Measuring Tax Gaps 2015 is archived but still available and it is an interesting read. Figure A.2 in the introduction shows which of the five methods of measuring the tax gap applies to which tax and taxpayer grouping. 

The five methods are data matching, top down methods, management information, random enquiries, and illustrative (they are explained further in the document). The MTD population of "SA business taxpayers" is coloured brown to indicate the tax gap has been calculated using "random enquiries".

What are random enquires?

As part of their enquiry programme, as well as the usual "risk based" tax enquiries, HMRC carries out a certain number of "random" enquiries each year. 

The exact number is not disclosed, and the taxpayer under enquiry is not told that this is the reason for the enquiry, although all taxpayers subject to enquiries are supposed to be made aware that this is a possibility.  It is generally felt that the number of random enquiries is small, perhaps 100-200 per year, although HMRC has assurance from the National Statistics Office that their methodology is robust.

However, at paragraph B15 from the methodological annex it says: “For direct tax estimates based on random enquiries, an adjustment is made to account for under-declarations that are not detected. HMRC continues to undertake analyses to define suitable ranges for other systematic biases in the direct tax estimates. “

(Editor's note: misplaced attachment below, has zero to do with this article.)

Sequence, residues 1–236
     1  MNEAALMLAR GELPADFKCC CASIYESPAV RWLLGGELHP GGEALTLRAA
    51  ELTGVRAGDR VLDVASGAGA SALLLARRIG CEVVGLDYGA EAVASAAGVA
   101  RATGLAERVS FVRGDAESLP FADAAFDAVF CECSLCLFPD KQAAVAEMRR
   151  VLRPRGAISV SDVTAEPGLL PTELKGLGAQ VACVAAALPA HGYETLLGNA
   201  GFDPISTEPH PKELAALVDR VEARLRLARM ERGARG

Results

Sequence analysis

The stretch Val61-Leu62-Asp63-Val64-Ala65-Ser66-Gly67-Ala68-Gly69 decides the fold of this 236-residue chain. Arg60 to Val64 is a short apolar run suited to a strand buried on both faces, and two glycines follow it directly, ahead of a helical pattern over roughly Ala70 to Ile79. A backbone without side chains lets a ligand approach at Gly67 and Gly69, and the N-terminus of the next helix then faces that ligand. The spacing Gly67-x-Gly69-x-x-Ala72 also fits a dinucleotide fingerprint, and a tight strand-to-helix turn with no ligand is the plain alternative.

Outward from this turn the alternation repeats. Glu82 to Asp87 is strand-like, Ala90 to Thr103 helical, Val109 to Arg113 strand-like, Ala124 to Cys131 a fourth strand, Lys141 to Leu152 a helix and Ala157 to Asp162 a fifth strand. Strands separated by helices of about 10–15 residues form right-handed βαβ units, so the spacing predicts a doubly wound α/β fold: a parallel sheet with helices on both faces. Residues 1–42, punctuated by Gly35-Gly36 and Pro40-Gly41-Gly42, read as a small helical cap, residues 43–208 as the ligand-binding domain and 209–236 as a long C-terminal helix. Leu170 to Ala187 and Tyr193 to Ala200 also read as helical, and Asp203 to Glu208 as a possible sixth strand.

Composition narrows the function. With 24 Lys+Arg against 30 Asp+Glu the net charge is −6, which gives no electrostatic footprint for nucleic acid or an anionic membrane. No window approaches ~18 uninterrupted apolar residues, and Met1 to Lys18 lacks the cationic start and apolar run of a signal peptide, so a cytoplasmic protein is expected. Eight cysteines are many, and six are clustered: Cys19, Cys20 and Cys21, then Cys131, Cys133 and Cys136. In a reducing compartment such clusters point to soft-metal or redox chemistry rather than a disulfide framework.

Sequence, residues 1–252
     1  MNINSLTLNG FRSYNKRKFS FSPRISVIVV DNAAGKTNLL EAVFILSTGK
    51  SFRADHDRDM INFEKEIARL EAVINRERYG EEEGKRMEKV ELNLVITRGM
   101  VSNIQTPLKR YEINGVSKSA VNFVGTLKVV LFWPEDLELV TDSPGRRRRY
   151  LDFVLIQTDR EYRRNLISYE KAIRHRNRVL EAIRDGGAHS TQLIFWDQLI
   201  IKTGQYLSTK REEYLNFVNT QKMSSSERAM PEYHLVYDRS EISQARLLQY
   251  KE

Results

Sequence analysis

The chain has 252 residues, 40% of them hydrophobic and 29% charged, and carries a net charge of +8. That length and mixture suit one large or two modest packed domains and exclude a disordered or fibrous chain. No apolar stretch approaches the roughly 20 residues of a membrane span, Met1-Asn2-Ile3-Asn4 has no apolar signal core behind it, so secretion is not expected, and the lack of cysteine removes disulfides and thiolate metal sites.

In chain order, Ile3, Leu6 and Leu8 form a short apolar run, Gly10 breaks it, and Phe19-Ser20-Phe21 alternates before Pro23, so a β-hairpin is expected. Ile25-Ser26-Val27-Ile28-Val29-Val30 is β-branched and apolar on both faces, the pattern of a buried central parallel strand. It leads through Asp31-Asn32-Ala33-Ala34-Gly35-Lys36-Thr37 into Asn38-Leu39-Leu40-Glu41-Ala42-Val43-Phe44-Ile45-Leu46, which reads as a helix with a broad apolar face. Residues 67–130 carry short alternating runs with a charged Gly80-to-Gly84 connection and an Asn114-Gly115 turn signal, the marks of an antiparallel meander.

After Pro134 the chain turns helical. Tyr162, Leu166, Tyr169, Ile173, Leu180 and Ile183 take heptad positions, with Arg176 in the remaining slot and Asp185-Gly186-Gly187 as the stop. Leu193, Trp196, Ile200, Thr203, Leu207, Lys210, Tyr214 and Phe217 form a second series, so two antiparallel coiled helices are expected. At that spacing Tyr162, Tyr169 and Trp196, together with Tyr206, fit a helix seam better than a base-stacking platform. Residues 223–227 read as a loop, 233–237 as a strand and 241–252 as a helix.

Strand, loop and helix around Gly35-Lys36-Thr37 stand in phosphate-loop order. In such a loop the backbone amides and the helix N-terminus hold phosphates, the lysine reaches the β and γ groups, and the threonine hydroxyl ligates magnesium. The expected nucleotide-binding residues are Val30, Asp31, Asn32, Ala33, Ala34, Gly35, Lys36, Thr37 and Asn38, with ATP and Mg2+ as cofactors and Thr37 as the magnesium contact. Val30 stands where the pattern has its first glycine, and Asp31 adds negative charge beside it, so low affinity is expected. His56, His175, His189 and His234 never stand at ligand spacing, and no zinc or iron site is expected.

In other words, after they have looked at a random enquiry, HMRC add on an "adjustment" to account for anything else they might not have discovered.  (The number they first thought of, perhaps?)

Digging further

MTD will be one of the biggest changes the tax system has ever seen, and it is therefore important that the reasons for making the change are robust and evidence based. I have contacted HMRC on behalf of AccountingWEB, and made a request under the Freedom of Information Act for details of the computation, and the underlying data resulting in the exchequer impact figures in the MTD impact assessment.

Watch this space: The Freedom of Information Act gives HMRC just 20 working days to respond.

Replies

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By RobertD
30th Jan 2017 17:51

So, the tax gap for SA has been based on 100 to 200 random enquiry partly estimated undiscovered tax adjustments. The basis for MTD is as flawed as the plan itself. Mucho egg coming your way Harra, Ellison and Gauke.

Thanks (3)
to RobertD
31st Jan 2017 14:18

Well it *may* have been - but there may be more and better information we haven't seen yet. Hence the Freedom of Information request.

Thanks (1)
31st Jan 2017 09:07

My assumption would be that sole trader clients who do their bookkeeping at least quarterly claim a lot more expenses than those than do it annually.

Simply due to remembering more stuff they have spent.

Indeed this time of year I often berate clients for the paucity of their claims, and spend ages playing the "what have you missed?" game to save them some tax.